Acoustics Teaching Instruments

This acoustical instrument, the sound analyser, made sound waves visible. It allowed one to "see" the simple tones that contributed to the rich, complex sound of an organ pipe, or violin. A musical note was played or sung before the brass receptacles (resonators) and the sound waves were transformed into distinct and separate flame patterns.

Before 1860, physicists only studied sound with a well-practiced ear. Rudolf Koenig of Paris invented several novel ways to study sound waves with the eye. Visualizing sound was particularly attractive for classroom demonstrations and enabled students to conceptualize sound in new ways.
Canadian Heritage Information Network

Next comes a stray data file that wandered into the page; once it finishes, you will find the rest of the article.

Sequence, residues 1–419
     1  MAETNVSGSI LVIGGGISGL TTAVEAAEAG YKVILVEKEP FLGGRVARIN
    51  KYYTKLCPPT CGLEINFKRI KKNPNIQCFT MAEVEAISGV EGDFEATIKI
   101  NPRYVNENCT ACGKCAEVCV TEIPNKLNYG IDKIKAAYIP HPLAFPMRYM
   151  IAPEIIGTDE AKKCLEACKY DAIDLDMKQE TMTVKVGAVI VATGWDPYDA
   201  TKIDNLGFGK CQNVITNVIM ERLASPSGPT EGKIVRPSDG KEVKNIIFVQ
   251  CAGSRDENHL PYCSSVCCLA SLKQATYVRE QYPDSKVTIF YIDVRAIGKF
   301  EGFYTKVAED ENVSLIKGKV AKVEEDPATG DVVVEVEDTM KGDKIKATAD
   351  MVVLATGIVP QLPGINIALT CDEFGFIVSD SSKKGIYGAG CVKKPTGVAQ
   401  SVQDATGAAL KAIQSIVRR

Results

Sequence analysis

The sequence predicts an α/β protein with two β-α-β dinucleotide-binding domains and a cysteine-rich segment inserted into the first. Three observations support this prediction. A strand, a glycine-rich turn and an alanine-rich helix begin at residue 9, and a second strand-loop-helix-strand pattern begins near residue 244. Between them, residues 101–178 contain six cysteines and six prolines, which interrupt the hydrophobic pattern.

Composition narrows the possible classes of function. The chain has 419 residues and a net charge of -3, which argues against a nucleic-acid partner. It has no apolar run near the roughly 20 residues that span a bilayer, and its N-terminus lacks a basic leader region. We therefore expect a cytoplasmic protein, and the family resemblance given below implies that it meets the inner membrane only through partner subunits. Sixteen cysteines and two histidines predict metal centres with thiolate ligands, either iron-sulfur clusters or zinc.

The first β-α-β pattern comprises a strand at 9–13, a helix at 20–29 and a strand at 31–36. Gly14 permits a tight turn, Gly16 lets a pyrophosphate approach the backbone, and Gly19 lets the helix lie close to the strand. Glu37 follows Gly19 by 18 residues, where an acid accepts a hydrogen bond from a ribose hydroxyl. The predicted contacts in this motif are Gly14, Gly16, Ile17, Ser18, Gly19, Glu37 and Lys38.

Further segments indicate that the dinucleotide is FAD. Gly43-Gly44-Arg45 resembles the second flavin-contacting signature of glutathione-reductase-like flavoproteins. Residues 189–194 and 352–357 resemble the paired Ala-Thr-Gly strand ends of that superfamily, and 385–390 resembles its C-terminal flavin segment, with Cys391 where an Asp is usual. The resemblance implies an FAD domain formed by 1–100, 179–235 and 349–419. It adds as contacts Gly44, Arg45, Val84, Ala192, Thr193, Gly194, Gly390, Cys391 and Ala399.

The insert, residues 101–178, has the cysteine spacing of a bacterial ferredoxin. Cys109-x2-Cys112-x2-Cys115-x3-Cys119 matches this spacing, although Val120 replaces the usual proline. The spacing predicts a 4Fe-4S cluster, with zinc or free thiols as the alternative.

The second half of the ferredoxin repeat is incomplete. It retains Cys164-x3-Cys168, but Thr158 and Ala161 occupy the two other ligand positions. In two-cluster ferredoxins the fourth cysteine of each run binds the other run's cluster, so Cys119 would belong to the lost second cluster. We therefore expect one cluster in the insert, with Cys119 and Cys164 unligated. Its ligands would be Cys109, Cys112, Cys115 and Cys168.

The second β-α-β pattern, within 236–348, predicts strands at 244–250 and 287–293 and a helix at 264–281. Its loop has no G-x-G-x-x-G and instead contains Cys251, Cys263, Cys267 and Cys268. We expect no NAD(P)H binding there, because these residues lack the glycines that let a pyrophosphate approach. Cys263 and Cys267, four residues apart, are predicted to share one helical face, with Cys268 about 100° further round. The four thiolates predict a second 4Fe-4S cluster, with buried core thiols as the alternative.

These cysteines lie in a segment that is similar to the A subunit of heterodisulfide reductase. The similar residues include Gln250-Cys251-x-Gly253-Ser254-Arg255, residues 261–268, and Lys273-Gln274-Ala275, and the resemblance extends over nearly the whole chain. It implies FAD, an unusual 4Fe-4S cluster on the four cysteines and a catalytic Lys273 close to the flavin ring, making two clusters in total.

Canadian Heritage Information Network, Canada Museum of Science and Technology, Musée de la civilisation, Stewart Museum, Canadian Medical Hall of Fame, Museum of Health Care at Kingston, University Health Network Artifact Collection, University of Toronto Museum of Scientific Instruments, University of Toronto Museum Studies Program, Suzanne Board, Dr. Randall C. Brooks, Sylvie Toupin, Ana-Laura Baz, Jean-François Gauvin, Betsy Little, Paola Poletto, Dr. James Low, David Kasserra, Kathryn Rumbold, David Pantalony, Dr. Thierry Ruddel, Kim Svendsen

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